The Going Rate For 20+ PPG Scorers

There were only a dozen players who averaged at least 20 points per game in 2011/12, making them among the most valuable commodities in the league. There's a lot more than scoring when it comes to determining a player's value, but point production often wins the hearts of fans, coaches and general managers alike. In short, top scorers usually command top salaries, and scoring ability will weigh heavily in the decisions on players eligible for extensions this summer. 

Below we've listed the 20+ PPG scorers from 2011/12, their salaries for last year and this coming season, and what they made last year for each point of their scoring average. The final column is a measure of what they're getting paid this year for each point of their 2011/12 scoring average. 


Some observations:

  • The best values are, of course, young players on their rookie contracts. Next year, Kevin Love and Russell Westbrook won't be the bargains they were this past season. The Clippers get one more season of Griffin at seven figures before he gets a significant raise when his maximum extension kicks in for 2013/14.
  • Since the CBA allows escalating salaries based on years in the league, it makes sense that Kobe Bryant, who's consistently played an elite level for 16 seasons, is by far the most expensive player on the list. He and Dirk Nowitzki are the only 20+ PPG players older than 30.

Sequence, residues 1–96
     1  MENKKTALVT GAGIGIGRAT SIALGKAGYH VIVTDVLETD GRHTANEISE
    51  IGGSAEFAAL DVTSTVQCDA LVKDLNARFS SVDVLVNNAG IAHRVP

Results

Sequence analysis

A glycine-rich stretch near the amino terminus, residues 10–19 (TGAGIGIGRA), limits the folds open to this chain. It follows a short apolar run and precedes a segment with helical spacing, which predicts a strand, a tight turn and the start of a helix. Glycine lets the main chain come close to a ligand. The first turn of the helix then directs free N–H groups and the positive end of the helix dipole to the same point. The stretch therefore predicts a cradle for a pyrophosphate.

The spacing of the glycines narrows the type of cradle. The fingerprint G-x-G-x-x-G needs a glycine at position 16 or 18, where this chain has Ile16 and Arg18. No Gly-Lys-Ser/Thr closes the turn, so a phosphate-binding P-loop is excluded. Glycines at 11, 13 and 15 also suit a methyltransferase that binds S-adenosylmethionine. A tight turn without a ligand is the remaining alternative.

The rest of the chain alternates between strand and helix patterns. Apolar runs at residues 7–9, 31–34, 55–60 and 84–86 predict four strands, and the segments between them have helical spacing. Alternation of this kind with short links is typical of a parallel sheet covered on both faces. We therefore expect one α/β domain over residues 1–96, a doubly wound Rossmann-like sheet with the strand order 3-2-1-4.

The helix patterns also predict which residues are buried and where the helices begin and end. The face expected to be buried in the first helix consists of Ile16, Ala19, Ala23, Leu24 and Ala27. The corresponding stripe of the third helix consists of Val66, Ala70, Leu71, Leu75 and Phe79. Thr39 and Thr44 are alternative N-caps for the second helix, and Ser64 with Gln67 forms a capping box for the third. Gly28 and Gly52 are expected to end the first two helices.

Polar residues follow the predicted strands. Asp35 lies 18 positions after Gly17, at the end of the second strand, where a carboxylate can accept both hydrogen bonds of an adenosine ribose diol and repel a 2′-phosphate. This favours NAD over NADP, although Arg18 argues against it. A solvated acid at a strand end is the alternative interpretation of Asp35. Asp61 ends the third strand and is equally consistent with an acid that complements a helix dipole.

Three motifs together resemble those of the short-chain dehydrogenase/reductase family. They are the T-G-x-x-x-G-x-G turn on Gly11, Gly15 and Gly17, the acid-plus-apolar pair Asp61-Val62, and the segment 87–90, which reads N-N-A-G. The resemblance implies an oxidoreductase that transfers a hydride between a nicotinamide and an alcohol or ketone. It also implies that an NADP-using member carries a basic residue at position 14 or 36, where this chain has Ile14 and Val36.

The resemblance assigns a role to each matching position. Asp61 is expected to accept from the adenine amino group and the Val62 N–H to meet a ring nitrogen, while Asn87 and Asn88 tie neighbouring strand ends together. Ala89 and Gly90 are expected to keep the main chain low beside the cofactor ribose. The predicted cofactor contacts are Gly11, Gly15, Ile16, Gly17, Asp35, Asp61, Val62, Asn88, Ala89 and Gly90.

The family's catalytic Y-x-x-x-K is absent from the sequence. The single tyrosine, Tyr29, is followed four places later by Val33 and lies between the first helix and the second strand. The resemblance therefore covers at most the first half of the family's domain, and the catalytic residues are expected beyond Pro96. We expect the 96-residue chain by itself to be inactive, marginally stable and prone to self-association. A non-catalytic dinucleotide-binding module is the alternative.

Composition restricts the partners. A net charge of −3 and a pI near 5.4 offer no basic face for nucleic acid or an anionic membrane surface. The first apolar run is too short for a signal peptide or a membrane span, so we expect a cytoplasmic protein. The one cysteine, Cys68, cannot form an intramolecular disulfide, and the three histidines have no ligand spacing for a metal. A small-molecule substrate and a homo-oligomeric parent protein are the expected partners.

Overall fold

• There's a dropoff, it seems, for the last two players on the list. Monta Ellis and David Lee are both making salaries significantly below the other players who aren't on rookie contracts. It might be easy to dismiss this as an inflation of their scoring averages based on their time with the up-tempo Warriors, especially since Ellis averaged only 17.6 PPG after his midseason trade to the Bucks. Yet the Warriors finished tied for 11th in team scoring average this past season under new coach Mark Jackson, suggesting Ellis and Lee came by their points without significant help from a high-octane offense.

Storytellers Contracts was used in the creation of this post.

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